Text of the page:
Integrating Post-1945 German History

January-February 2011

Introduction Initial reviews/responses Discussion Further Information


Mathieu Denis, Canadian Centre for German and European Studies
Gregory Witkowski, Department of History, Ball State University


Over the last decade, a growing number of historians have integrated the two post-1945 German systems into unified narratives (deutsch-deutsche, or integrierte Geschichte in German). In Germany the discussion over how best to write and teach integrated histories has led to a body of empirical studies, and also to theoretical reflections and proposals on methodologies.[1] Historians in other countries are also increasingly writing about East and West Germany. Yet most scholars neither engage the broader issues nor delineate the parameters of an integrated German-German history: what are the potential gains and limits of integrated histories of Germany between 1945 and 1990? How can integrated approaches to post-1945 German history impact the ways we teach German history? How will they influence our methodologies? Will they influence our research projects and fields of specialization? Journals? Even though those questions are as relevant in our institutions as they are in Germany, they remain insufficiently addressed outside that country.

The editors of H-German would like foster a dialogue among our list members about these issues. Toward this end, a forum on the integration of post-1945 German history will start on Tuesday 1 February, with the publication of an original essay by Konrad H. Jarausch entitled Divided, Yet Reunited: on the challenge of integrating German post-war histories. It will be followed by contributions by Christoph Klessmann with Methodological Issues in the Historiography of Postwar Germany, and Peter Lautzas with The discussion of East-West German History in the Field of Education, also written specifically for this forum.

This forum is an effort to bring a topic of discussion within Germany to a broader audience that includes German as well as non-German scholars, especially in the Anglo- American world.  We wish to keep an open and flowing discussion in which list members share their thoughts, questions and experiences. We hope to hear from you. Good forum!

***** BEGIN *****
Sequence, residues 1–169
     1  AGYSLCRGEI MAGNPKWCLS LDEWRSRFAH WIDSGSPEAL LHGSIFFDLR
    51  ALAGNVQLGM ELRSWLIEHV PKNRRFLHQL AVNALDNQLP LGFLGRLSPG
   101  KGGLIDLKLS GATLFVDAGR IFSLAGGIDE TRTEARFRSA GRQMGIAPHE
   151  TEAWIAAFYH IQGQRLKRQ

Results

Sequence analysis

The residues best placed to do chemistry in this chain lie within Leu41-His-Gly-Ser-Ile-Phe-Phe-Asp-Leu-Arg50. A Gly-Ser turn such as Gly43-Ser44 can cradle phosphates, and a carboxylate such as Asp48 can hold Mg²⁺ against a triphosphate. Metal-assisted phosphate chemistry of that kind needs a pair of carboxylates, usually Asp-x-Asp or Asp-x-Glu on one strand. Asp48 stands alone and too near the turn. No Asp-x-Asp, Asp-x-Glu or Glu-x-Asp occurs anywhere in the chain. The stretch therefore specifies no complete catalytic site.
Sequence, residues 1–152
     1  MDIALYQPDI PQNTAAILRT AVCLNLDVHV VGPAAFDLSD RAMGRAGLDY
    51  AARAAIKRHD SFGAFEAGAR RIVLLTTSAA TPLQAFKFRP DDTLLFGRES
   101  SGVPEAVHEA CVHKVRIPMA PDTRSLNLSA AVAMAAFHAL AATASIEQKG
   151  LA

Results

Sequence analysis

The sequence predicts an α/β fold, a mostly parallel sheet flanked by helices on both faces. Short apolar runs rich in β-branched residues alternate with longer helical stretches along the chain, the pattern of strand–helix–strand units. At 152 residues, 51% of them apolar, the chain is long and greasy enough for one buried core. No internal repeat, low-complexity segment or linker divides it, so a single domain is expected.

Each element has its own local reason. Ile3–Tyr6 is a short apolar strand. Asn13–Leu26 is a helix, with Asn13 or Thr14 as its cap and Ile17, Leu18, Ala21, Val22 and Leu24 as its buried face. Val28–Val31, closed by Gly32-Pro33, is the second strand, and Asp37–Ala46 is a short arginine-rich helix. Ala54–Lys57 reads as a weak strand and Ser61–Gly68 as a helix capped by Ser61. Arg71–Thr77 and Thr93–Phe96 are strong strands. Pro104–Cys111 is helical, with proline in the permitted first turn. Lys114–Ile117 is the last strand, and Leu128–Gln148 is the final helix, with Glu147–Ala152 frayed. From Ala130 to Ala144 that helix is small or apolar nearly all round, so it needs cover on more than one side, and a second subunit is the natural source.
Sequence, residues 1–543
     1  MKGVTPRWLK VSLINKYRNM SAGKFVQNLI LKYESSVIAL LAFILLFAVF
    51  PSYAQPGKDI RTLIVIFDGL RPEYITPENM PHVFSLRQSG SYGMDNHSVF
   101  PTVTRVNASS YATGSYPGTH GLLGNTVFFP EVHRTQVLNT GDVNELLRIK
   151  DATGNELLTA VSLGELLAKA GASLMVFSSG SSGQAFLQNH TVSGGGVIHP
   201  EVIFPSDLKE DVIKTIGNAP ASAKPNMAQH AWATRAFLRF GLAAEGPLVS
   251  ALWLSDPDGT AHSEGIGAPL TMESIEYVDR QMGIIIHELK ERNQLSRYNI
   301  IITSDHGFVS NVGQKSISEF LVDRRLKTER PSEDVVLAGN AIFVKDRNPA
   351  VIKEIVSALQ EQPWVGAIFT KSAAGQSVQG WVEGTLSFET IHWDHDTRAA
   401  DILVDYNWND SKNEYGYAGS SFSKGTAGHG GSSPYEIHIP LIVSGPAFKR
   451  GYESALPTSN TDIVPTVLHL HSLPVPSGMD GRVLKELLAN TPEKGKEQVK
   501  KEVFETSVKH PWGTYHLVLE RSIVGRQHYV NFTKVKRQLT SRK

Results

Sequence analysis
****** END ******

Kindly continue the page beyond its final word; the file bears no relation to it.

Mathieu Denis and Gregory Witkowski

H-German editors and Forum Orgaizers


[1] Peter Bender, Deutschlands Wiederkehr. Eine ungeteilte Nachkriegsgeschichte, 1945-1990 (Stuttgart: Klett-Cotta, 2007); Christoph Klessmann and Peter Lautzas, eds., Teilung und Integration. Die doppelte deutsche Nachkriegsgeschichte als wissenschaftliches und didaktisches Phaenomen (Schwalbach: Wochenschau Verlag, 2006); Frank Moeller and Ulrich Maehlert, Abgrenzung und Verflechtung. Das geteilte Deutschland in der zeithistorischen Debatte (Berlin: Metropol, 2008); Joerg Roesler, ­Momente deutsch-deutscher Wirtschafts- und Sozialgeschichte 1945 bis 1990. Eine Analyse auf gleicher Augenhoehe (Leipzig: Leipziger Universitaetsverlag, 2006); “Gemeinsame Nachkriegsgeschichte?,” Aus Politik und Zeitgeschichte, 3(2007).

As was the case for previous forums, the forum will start with a series of commentaries/reviews to establish a foundation for discussion on the list.  A list of those scholars contributing initial responses follows below.
We welcome any comments, criticism, or suggestions you may have and look forward to a productive exchange. To post a response, ask a question, or otherwise contribute to the discussion, simply send an email to:

Initial Forum Posts

Solicited Responses

Discussion (This list will be updated during the forum)


Supplemental information


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